My July Fourth

Up at 8:45.  Coffee, cigarette, morning prayer.  Shave; egg & toast & fruit salad that R. made for breakfast.  Strip the bed & launder sheets, mow front & back lawns, hang up sheets to dry.

Shower & eat lunch, chicken salad sandwich R. has made.  We listen to Fresh Air on public radio, an interview of country music singer Rodney Crowell about his memoir, Chinaberry Sidewalks.

Now what?  Take a walk?  It's too hot.  We decide to go to Governor's Square Mall, where we both buy new clothes at Dillard's.  I need new shorts, and we find pairs in khaki and blue in the Daniel Cremieux department.

Home.  Make the bed.  What shall I read next?  I had read about half the stories in William Boyd's collection, Fascination, before they became tiresome, Boyd seeming preoccupied  with what Crowley naughtily referred to as The Three Kings, (Smoking, Drinking and F__king).  If sex is the "theater of the poor", I think it must be the church of the intellectuals.

I had enjoyed Alan Bennett's biographical essays in Writing Home and Untold Stories, so I decide to begin reading Anthony Powell's memoirs, To Keep The Ball Rolling, in four volumes, beginning with Infants of the Spring.  Powell writes such delicious prose, with his endearing habit of describing something by what it is not:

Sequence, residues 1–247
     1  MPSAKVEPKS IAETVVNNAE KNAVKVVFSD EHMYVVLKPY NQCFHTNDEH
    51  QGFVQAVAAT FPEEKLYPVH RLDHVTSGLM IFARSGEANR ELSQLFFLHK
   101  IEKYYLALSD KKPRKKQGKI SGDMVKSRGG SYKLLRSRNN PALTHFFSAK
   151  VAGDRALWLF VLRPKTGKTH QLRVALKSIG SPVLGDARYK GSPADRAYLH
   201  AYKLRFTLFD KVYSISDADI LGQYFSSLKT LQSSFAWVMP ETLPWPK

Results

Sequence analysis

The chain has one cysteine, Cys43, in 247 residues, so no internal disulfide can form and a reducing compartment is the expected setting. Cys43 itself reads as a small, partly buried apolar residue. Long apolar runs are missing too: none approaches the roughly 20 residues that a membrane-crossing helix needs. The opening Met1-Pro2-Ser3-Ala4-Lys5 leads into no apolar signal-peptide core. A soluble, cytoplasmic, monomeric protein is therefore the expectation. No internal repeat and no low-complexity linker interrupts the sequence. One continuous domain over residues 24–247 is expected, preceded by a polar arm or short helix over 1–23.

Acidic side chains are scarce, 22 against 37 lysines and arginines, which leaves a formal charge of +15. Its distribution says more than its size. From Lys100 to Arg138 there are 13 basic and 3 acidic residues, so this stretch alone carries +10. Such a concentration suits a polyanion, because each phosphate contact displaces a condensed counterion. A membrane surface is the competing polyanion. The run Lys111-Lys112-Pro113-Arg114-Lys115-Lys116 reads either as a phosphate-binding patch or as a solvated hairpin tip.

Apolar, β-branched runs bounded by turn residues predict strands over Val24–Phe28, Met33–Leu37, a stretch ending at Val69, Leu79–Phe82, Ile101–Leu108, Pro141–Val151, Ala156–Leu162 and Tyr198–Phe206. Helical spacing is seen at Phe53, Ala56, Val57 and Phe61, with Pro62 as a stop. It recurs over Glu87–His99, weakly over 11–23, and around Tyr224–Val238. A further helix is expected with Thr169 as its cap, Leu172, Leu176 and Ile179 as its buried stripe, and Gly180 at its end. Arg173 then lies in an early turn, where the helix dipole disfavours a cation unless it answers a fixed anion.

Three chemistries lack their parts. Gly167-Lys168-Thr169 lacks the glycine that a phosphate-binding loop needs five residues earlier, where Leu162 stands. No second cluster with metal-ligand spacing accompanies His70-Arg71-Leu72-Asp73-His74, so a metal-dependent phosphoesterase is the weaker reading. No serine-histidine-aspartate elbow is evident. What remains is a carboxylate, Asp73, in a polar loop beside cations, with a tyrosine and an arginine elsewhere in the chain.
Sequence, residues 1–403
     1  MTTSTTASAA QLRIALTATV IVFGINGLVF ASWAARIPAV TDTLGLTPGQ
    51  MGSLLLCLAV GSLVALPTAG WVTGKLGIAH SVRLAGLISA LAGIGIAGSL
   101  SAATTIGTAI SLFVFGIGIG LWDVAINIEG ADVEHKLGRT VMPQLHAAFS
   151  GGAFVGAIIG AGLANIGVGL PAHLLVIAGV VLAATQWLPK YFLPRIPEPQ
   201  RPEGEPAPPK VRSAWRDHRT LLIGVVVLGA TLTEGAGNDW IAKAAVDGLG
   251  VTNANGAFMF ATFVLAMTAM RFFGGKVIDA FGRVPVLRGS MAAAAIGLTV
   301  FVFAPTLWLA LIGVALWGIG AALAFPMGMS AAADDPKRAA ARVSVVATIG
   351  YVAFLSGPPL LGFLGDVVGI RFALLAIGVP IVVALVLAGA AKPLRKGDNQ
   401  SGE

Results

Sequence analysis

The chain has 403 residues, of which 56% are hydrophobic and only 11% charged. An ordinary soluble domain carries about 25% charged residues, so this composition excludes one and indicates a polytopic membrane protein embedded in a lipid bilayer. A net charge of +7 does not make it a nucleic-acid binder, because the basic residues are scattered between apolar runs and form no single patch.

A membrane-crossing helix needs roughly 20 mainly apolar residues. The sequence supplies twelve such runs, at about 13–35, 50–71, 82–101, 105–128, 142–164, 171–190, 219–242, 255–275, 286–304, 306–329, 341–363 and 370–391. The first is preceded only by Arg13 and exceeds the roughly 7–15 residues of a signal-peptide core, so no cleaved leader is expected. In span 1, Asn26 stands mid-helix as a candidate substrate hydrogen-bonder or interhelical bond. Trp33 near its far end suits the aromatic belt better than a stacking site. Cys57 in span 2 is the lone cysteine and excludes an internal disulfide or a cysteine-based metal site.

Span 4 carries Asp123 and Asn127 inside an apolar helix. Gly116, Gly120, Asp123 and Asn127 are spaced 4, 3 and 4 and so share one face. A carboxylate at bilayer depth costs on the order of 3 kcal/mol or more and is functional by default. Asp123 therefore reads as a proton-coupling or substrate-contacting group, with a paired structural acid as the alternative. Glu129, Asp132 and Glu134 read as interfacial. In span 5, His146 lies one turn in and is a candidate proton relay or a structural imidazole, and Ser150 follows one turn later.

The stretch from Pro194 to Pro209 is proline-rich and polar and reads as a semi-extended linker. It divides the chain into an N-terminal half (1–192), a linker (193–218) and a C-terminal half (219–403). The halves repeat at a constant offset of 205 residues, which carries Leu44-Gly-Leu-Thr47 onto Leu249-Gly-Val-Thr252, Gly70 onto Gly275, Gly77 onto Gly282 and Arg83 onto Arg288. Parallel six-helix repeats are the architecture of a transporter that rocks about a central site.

If the Powells knew little, and cared less, about their annals, that was not equally true of the Wells-Dymokes, who were not at all disinclined to congratulate themselves on selected aspects of their lineage.

The July Fourth gathering in Tom Brown Park is notorious for being rained out, and though there was only a 20% chance of rain today, the sky turns dark, and at 5:15 the showers pour down.  We had planned to grill a steak for supper, with baked potatoes and salad.  The rain lets up in time for me to light the grill.  I grill the steak while R. makes a salad of tomatoes, lettuce and artichoke heart.

We watch The Journey Home on EWTN.  Tonight Marcus has a military chaplain, who reminds us of our new parochial vicar, Father Tim Holeda, a former Marine.  Then we say the rosary.  We watch Steve Martin play his banjo on PBS's Capitol Fourth, but we have to turn it off when they bring on performers from American Idol and Dancing With The Stars.


Steerforth said...

It sounds like a good day to me. I don't blame you for turning the television off at that point!

By the way, how did you get your Facebook/Twitter etc widgets to appear at the bottom of the post?

Brett said...

Heh, "A Capitol Fourth" is always pretty square. We just reached a point where we decided to give up being hip and join the human race, so we tune in. But there is still a line we can't bring ourselves to cross!

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